Resisting the Urge to Gossip

Managers need to find ways to promote informal communication while minimizing destructive gossip and knife-in-the-back criticism that impairs relationships, lowers morale, and decreases productivity.
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It's easy to get caught up in gossip. A friend or colleague starts talking about someone you both know. She lays out some juicy information you haven't heard before, almost baiting you to chime in. Whether it's true or not, you reflexively up the ante by spilling a rumor you recently heard about that person, too. Later, you wonder why you responded that way or even regret that you got sucked into the conversation.

To some extent, it's human nature to talk about mutual acquaintances and most chitchat is innocuous. When two friends pass along information about other people within the context of a confidential, trusting relationship, it gives them a chance to vent and, perhaps, even to avoid and work out problems.

However, pleasant chitchat morphs into nasty gossip when it's characterized by critical comments that are unnecessary and, perhaps, untrue -- uttered or whispered behind someone's back for no good reason. Spreading rumors and making innuendos can be hurtful and destructive, reflecting poorly not only on the target but also on the purveyor. Yet, because the temptation is strong, especially in the workplace, people are commonly placed in the uncomfortable position of listening to or engaging in gossip, feeling awkward but not knowing what to do.

A study by sociologists Tim Hallett, Donna Eder, and Brent Harger of Indiana University, published in the October issue of the Journal of Contemporary Ethnography, hints at some ways to redirect negative gossip. While it wasn't the researchers' intent at the onset of their study, they wound up videotaping 25 incidences of gossip that cropped up in their recordings of 13 teacher-led formal staff meetings, which were each about 40 minutes long.

The meetings took place over two years during a difficult managerial transition at the school, offering a unique laboratory to examine "gossip" systematically. The researchers found that negative gossip can be "subtly derailed" in three ways: by changing the subject, by targeting someone else, and by pre-empting criticism with positive comments.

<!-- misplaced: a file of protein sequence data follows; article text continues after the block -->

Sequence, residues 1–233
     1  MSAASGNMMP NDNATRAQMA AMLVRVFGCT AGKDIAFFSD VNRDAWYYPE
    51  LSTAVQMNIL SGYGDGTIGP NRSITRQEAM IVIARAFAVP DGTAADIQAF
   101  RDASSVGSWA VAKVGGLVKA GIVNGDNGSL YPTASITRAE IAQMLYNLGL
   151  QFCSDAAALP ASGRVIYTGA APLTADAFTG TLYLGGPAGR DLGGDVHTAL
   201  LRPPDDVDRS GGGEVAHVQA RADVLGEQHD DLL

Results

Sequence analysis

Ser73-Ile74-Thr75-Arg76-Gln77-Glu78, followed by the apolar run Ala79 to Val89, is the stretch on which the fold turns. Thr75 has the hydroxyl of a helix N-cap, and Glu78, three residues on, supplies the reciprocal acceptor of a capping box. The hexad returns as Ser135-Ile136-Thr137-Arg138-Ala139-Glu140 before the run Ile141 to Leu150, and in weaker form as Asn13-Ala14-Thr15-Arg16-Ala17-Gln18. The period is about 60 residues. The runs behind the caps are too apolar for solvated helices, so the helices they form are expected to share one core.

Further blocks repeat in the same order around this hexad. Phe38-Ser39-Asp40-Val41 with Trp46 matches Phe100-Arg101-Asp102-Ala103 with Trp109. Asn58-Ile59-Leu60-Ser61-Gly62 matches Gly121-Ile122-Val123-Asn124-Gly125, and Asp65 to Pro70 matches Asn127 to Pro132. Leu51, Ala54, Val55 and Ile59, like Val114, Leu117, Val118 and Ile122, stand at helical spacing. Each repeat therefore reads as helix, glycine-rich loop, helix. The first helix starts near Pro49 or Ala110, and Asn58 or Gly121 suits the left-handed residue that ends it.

When people are jockeying for positions and power, being able to broker "inside" information can offer an employee a valuable edge. However, the use of gossip comes with a price. If a woman or a group becomes the target of unflattering or untrue gossip, or gets a reputation for trafficking in gossip, it can derail careers and poison the work environment.

Thus, managers need to find ways to promote informal communication while minimizing destructive gossip and knife-in-the-back criticism that impairs relationships, lowers morale, and decreases productivity. These outcomes can be averted if appropriate avenues are provided so employees can informally discuss work and relationship problems with their supervisors and amongst colleagues.

So back to friendship: Next time you find yourself in a group of gossips, you don't have to passively accept it. You can use some of the simple techniques described above to seize control of the conversation and curb potentially hurtful gossip. Have any other ideas of your own?

Have a question about female friendships? Send it to The Friendship Doctor.

Irene S. Levine, PhD is a freelance journalist and author. She holds an appointment as a professor of psychiatry at the New York University School of Medicine. Her new book about female friendships, Best Friends Forever: Surviving a Breakup with Your Best Friend, was recently published by Overlook Press. She also blogs about female friendships at The Friendship Blog and at href="">

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